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Slow Down, Proceed With Caution

By on September 1, 2017
parking

Avoid the Embarrassment of a Parking Lot Accident

BY: David A. Kolman, Senior Editor

Perhaps you’ve heard this one. A truck driver pulled into a truckstop to grab some lunch. He ordered a cheeseburger, a coffee and a slice of apple pie.

Just as he was about to eat them, three burly bikers walked in.

The first burly biker grabbed the trucker’s cheeseburger and gobbled it down in a few bites.

The second burly biker picked up the trucker’s coffee and downed it in one gulp.

The third burly biker devoured the trucker’s apple pie.

The truck driver didn’t do anything or say a word as all this went down. When the bikers finished, he just paid the waitress and left without saying a word.

As the waitress was clearing the dirty dishes a short time later, the first burly biker said, “He ain’t much of a man, is he?”

“He’s not much of a driver, either,” the waitress replied. “He’s just backed his 18-wheeler over three motorcycles.”

All kidding aside, parking lots, no matter where they are—at warehouses, distribution centers, truckstops, shopping centers, etc.—can be dangerous places. That’s because of other drivers, right?

Not necessarily. According to insurance companies, hitting fixed or stationary objects in parking lots is the most frequent type of accident. What many truckers don’t realize is that these types of accidents can be worse financially than a bigger accident, because they don’t meet insurance deductibles. Consequently, all or most of the cost is borne by the trucker.

Even though speeds in parking lots are slow, because of the size and weight of a heavy-duty truck, considerable damage can be done when it strikes a fixed or stationary object. Repairs, which necessitate unplanned downtime, can be costly.

What’s more, regardless of the severity, nobody wants the embarrassment of an easily preventable accident on his or her record.

To avoid collisions with fixed or stationary objects when traveling in parking lots, safety officials advise:

  • Go slowly and take your time. A crash will undo all your haste.
  • Remain aware of your surroundings.
  • When making a tight maneuver or backing up, and you’re not certain about what is around your truck, get out and look. It’s always better to err on the side of caution.
  • Watch for taillights and reverse lights.
  • If so equipped, make sure your backup warning alarm is functioning properly.
  • Use extra care in rainy, snowy or foggy conditions.

Backing

Backing, whether in a parking lot or elsewhere, has its own set of risks. To reduce the frequency and exposure of these accidents, follow these safe-backing procedures recommended by safety officials:

  • Keep the backing distance to a minimum.
  • Don’t hesitate to ask for someone’s help when backing, if needed. Use hand signals both of you have agreed upon. Keep in mind that even with a spotter, the driver is responsible for any backing accident.
  • Do a walkaround to get a firsthand view of the backing area and look for any limitations, hazards, obstructions and any other potential clearance-related problems.
  • After finishing the walkaround, don’t delay. Return to your vehicle and start backing. This will allow very little time for people and/or obstacles to enter the space behind your vehicle.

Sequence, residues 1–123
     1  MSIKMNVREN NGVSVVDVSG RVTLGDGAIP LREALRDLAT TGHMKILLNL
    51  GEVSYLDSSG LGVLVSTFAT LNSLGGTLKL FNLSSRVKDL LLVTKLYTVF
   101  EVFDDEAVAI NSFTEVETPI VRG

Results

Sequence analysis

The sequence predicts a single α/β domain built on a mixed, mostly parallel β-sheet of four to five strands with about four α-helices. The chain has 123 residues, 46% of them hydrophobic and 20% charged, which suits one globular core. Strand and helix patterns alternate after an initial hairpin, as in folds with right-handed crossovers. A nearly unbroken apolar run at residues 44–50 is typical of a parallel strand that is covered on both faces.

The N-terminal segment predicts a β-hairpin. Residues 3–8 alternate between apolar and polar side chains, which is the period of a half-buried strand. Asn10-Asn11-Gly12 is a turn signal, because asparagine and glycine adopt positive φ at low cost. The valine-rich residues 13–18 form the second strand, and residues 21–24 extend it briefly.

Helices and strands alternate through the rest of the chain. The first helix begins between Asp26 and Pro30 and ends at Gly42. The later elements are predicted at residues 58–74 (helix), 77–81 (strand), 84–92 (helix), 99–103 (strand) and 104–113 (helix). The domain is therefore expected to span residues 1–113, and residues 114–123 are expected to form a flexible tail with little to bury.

• Use your four-way flashers and tap the horn a couple of times just prior to backing to notify others in the area that your vehicle is backing up.
  • Back slowly and cautiously, and maintain complete control of your vehicle.

Preventable

The vast majority of backing accidents are preventable, note safety officials. By exercising proper care, hitting a fixed or stationary object is always preventable.

The bottom line: When it comes to parking lots, always remain alert; never let your guard down. Constantly be on the lookout for unsafe conditions, even when entering and exiting a parking lot.

Preventing Truckstop Accidents

Be aware that a large percentage of truck parking lot accidents occur at truckstops, because of the large volume of trucks in close proximity and the constant activity. It is wise to preplan your route, so you know you will be stopping at a location with plenty of room and one that is well lit.

TA-Petro truckstops, for example, feature ample parking areas. Virtually all are paved, well-lit lots using diagonal pull-in/pull-out parking.

Following are some best practices to stay protected and avoid a parking lot accident at truckstops:

  • Park at the very back end of the lot to avoid heavy traffic. Most in and out traffic is concentrated in the front third of the lot, because many truckers try to park as close to the buildings as possible.
  • Avoid parking on the end of a row because this is a high-traffic area.
  • Avoid a spot that you will have to back out of to leave. Whenever possible, pick a spot you can pull through. Backing into a parking space is another option, but exert extra caution when doing so.
  • Avoid parking in a location where the trucks across from you will have to back out of their parking spots.
  • Park with your rig straight to reduce the chances of being hit by another rig that is parking beside you.
  • Use your four-ways when pulling through a parking lot and backing. This increases your chances of being seen.

Following these guidelines and suggestions will help you avoid the embarrassment of tangling with a fixed object or another truck in a parking lot, not to mention the costs and lost time.

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